How Woolf Can Reduce Student Debt in Higher Education
July 20, 2022
The amount of debt that students have accumulated in pursuit of higher education is staggering. According to the latest data from the Federal Reserve, 46 million Americans owe $1.75 trillion in student loans. A report by the Institute for College Access and Success indicates that the average student loan for graduating seniors in the U.S. grew by 4% every year from 1996 to 2012. While a graduating senior in the U.S. had an average loan of $12,750 in 1996, that number would balloon to $29,650 by 2016.
According to data from the College Board, higher education in the U.S. has become increasingly expensive over the years. Other studies also corroborate this trend; for instance, a report by the Center on Budget and Policy Priorities estimates that tuition costs in public universities rose by 36% between 2008 and 2018.
There are a number of reasons for this increase, one of which is the slashing of higher education budgets by state governments. To cater for this loss of funding, public universities have been forced to raise their tuition fees. Secondly, most universities in the U.S. employ large numbers of non-teaching staff. These hires primarily consist of administrative hires, but also include athletic coaches, and admissions counselors. Naturally, the salaries for these workers have to be factored into the fees that students are required to pay. Other reasons for the steep rise in tuition costs include the high expenses associated with maintaining federal regulatory compliance, the desire for colleges to raise their revenues, and even the misleading notion that high cost translates to better quality of education.
President Biden’s administration has recently taken a number of measures in an attempt to address the student debt crisis in the United States. One approach has been to increase access to the Public Service Loan Forgiveness (PSLF) program, whose goal is to clear federal student loans for graduates who work for at least a decade in government or in a non-profit organization.
A second initiative entails adjusting the Income-Driven Repayment program to be more accommodating, such that the loans of people who have been in repayment for at least two decades are forgiven. Other measures have included putting loan repayments and interest accrual on hold due to the COVID-19 pandemic and forgiving loans borrowers who attended certain for-profit schools that failed to adhere to federal regulations. But these initiatives are hardly sustainable, and it remains unclear whether they are robust enough to eliminate the student debt crisis in the United States at its core.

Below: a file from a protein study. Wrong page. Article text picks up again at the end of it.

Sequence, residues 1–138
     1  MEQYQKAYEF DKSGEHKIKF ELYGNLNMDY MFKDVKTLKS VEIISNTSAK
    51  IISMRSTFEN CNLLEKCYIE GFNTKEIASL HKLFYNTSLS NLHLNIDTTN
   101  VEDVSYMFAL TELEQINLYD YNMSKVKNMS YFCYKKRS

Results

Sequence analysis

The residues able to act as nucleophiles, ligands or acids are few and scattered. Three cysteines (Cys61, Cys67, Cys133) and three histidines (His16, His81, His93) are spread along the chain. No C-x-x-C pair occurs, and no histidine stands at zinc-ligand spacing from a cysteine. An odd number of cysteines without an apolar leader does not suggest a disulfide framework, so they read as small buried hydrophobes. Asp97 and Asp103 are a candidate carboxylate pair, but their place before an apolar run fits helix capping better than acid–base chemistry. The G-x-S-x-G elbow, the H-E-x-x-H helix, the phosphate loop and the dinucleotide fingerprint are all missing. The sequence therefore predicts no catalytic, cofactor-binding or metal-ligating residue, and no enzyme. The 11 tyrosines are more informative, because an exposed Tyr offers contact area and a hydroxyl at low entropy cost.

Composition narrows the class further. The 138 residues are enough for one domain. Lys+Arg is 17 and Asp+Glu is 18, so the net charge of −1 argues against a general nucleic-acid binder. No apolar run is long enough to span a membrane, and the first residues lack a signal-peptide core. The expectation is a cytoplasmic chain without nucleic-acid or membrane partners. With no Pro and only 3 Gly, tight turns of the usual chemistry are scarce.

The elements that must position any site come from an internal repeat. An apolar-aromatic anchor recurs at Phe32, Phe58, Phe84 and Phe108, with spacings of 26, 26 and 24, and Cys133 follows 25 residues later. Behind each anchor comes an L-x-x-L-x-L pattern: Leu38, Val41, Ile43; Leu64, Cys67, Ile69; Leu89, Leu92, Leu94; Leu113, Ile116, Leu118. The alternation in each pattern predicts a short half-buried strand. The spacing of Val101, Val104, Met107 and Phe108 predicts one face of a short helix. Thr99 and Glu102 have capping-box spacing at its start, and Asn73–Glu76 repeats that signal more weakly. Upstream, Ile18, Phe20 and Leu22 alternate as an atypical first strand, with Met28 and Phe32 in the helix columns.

While the U.S. government has taken some steps to mitigate the student debt crisis, we need a more innovative approach to resolve the issue in the long term. Research shows that people with a four-year college degree enjoy better financial and career prospects than those without it, which means that students will continue to burden themselves with hefty loans to pay high tuition fees with the hope that they will ultimately land lucrative careers.
Our approach at Woolf is to focus on the root causes of the student debt crisis, like the ratio of student tuition spent on college administration versus teacher salary. Unless we are able to significantly reduce administrative costs in the U.S. (and around the world), new students will continue to bear the brunt with higher tuition fees that they might only be able to afford by taking out massive student loans.
Woolf is a global collegiate university that helps higher education organizations drastically reduce their tuition fees by providing a more affordable way of meeting accreditation requirements and maintaining quality standards. As research by Vanderbilt University indicates, even small colleges spend large amounts of money on accreditation and compliance. Woolf is only a small fraction of those expenses.
By using Woolf’s accreditation software, higher education organizations can drastically cut expenses related to hiring administrators to oversee regulation and compliance. A reduced expenditure in this area means larger profits, lower student tuition fees, and increased teacher salaries — all without compromising the quality of the programs offered.